ISLAMABAD-Smart phone users expressed their concerns regarding lack of security, privacy and choice over the use of products, a statement said on Thursday.

According to a survey conducted by The Network for Consumer Protection to commemorate WCRD, a whopping 83% of the university students said that they had not allowed the telecom service providers to access their personal information. Despite the fact that all telecom providers have clauses to access and share a consumer’s personal information, 84% of the students said that they did not think that by signing the contract with telecom providers, they allow the providers to share it with the third party. In the survey, 500 students of different universities of Islamabad and Rawalpindi were contacted about their concerns related to the use of smart phones. Of the 150 million mobile phones users in Pakistan, 77 per cent of smart phone users are between 21 to 30 years old. It is predicted that by 2025, 72% of internet users will be accessing the internet exclusively via mobile. Around half of these new users will come from China, India, Indonesia, Nigeria and Pakistan. The Network is a member of Consumer International, a UK-based umbrella organisation of 200 members from more than 100 countries.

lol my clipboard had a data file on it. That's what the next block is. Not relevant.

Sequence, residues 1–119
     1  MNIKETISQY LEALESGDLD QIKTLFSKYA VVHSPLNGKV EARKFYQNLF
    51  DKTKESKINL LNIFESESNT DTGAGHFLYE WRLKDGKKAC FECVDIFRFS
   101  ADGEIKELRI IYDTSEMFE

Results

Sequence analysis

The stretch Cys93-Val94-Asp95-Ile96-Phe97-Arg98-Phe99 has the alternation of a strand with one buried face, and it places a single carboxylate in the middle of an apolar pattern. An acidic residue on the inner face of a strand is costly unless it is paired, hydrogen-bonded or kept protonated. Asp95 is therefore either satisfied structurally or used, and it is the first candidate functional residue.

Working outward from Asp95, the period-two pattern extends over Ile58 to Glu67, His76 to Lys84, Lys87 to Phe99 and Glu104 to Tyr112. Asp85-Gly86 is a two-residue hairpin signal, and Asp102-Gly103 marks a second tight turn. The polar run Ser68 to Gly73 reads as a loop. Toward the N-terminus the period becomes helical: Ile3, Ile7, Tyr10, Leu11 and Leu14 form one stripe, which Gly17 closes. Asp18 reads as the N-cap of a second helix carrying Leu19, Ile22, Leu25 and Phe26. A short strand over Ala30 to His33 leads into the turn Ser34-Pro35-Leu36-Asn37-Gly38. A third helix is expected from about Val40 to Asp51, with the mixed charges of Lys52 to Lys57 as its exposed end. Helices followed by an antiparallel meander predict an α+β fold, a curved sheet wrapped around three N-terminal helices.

A 2018 global consumer study of the CI revealed that 52% of users were more concerned about their online privacy compared to one year ago. While 43% of respondents from a different survey said that they wanted to know more about the data collected about them via their connected devices and 47% worried about identity theft. A significant data privacy risk arises from devices being able (and indeed designed) to communicate with each other and to transfer data autonomously to third parties. Objects within a connected system may collect data or information that is innocuous on its own but which, when collated and analysed with other information, could reveal quite accurate knowledge of an individual resulting in increased user-traceability and profiling.

A smart product can connect, share and interact with its user and other devices. Smart products connect to the internet via different communication connections. The most popular consumer smart products are smart phones, games consoles, smart TVs, wearable health trackers, thermostats, toys and cars. These devices are capable of collecting and analysing user data and transmitting it to other connected devices in a network. Net orks of smart products are also known as the Internet of Things (IoT).

Nadeem Iqbal, The Network CEO, said that as smart products were part of larger connected systems which can be used by hackers to access larger public systems and infrastructure and putting consumers’ personal information and safety at risk. Several high-profile privacy and data breaches have heightened consumers’ lack of trust in smart products. For example, in 2016, nearly 65,000 smart devices were infected in 24 hours, gaining access through insecure printers, home Wi-Fi routers and baby monitors.